The Forgotten Writings of Bram Stoker

Written by John Edgar Browning
Review by Hannah Lavery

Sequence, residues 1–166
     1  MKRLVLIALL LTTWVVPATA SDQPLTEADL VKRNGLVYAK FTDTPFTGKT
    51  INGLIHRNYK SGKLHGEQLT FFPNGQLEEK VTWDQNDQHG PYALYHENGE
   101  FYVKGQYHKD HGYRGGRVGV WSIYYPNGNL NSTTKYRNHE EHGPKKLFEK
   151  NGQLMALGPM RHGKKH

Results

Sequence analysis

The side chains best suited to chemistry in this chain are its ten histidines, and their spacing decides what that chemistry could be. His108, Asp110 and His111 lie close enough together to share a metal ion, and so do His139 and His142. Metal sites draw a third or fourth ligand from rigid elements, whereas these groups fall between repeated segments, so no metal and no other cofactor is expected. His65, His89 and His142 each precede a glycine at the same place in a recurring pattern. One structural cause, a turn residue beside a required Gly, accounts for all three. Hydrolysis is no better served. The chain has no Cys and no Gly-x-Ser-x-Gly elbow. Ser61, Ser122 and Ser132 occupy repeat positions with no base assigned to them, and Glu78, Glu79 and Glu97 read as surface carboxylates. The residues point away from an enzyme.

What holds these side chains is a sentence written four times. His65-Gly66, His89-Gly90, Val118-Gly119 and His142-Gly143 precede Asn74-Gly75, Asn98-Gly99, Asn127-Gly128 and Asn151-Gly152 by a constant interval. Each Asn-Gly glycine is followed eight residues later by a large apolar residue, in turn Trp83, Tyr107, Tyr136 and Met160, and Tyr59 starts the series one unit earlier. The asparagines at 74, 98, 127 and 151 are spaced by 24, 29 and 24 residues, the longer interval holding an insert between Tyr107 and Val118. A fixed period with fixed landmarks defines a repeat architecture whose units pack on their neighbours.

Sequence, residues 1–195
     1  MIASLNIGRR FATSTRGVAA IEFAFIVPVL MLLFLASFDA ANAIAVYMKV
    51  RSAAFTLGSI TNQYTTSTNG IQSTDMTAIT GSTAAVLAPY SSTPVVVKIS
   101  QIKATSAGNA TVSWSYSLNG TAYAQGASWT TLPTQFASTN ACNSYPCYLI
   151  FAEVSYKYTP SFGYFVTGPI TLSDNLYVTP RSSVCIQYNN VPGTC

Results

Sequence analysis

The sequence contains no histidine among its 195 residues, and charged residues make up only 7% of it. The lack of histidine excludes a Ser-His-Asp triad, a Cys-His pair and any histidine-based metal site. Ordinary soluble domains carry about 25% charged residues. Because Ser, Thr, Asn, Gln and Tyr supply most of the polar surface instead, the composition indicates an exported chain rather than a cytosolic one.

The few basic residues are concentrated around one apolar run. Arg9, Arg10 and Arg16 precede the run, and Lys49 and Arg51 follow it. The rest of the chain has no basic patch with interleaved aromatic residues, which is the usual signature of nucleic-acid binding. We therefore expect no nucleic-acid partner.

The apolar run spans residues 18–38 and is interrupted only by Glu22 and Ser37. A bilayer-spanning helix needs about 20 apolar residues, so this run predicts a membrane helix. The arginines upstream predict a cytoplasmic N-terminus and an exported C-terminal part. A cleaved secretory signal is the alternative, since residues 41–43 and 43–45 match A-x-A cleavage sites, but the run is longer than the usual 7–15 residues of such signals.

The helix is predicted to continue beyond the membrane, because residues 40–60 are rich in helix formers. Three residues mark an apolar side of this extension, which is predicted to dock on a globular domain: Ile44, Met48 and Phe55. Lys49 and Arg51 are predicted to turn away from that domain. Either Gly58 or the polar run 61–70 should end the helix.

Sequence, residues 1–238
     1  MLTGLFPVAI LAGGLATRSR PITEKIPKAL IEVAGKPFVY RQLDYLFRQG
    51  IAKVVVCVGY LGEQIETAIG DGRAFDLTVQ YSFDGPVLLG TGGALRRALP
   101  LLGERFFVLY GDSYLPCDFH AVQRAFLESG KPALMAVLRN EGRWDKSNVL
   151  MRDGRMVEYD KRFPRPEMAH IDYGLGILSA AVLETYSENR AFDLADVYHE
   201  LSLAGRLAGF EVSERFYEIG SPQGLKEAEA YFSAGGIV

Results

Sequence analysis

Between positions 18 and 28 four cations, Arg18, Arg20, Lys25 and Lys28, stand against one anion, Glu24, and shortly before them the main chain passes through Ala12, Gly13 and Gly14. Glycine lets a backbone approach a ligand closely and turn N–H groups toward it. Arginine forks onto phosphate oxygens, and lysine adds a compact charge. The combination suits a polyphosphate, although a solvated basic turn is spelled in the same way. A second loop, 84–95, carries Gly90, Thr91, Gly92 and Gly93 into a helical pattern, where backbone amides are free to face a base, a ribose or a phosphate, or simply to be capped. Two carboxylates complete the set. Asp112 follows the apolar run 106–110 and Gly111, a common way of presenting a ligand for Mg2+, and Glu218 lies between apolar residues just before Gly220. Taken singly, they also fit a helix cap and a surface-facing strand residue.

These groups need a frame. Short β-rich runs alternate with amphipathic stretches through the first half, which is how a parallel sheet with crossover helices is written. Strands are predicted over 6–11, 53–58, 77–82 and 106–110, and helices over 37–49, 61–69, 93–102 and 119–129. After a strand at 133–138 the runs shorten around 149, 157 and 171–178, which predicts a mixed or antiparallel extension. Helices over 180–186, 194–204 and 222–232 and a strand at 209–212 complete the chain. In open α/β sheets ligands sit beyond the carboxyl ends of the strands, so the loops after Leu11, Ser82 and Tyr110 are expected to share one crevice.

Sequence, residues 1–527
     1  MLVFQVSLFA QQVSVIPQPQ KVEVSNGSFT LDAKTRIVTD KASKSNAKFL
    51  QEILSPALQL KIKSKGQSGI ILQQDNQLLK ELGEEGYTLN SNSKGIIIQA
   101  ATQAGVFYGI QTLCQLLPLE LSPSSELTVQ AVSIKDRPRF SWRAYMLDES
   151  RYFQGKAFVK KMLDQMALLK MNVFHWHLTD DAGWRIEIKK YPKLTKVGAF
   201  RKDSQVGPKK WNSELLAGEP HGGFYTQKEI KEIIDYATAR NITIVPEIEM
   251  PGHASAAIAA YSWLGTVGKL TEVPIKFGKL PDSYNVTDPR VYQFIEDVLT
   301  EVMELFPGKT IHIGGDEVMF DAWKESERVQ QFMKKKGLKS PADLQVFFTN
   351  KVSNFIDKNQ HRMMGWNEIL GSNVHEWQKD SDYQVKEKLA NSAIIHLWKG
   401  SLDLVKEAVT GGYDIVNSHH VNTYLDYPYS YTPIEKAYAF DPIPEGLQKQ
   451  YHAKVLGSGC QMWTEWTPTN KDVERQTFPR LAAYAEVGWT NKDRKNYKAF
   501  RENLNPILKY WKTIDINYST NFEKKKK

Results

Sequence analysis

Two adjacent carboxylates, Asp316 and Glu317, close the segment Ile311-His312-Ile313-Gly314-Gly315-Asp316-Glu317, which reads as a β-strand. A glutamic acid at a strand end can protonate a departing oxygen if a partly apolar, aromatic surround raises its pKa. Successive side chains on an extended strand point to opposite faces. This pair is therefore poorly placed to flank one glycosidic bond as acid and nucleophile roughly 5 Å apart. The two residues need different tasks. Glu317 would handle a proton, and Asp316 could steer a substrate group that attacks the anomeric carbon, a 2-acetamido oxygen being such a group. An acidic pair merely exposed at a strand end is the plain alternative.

Browning’s text collects in print for the first time rare and unknown writings by or about Bram Stoker, produced between 1886-1913. Parts 1-3 collect poetry, fiction and journalistic prose, and parts 4-6 include previously unknown interviews with the author, rare and uncollected non-fiction, and period writings about Stoker. The final part reproduces the catalogue of the Library of Bram Stoker. Bram Stoker’s early published review Hamlet in 1876 sparked his friendship with the actor Henry Irving. This became one of the most important business and personal relationships in the writer’s life, and Browning’s collection reflects this, with eight of the 16 non-fiction pieces concerning Irving and the theatre. Readers familiar with Stoker’s first published poem – ‘One Thing Needful’ (1885) – will be interested in the political nature of the two later verses collected here, while the short story section offers previously unknown, engaging examples of Gothic and love stories. This collection also permits academic study of the intertextual development of the broader Stoker oeuvre, especially elements later synthesised in his Dracula tale. As such, the collection has a broad appeal, and serves an important function in the on-going compilation of the Stoker bibliography.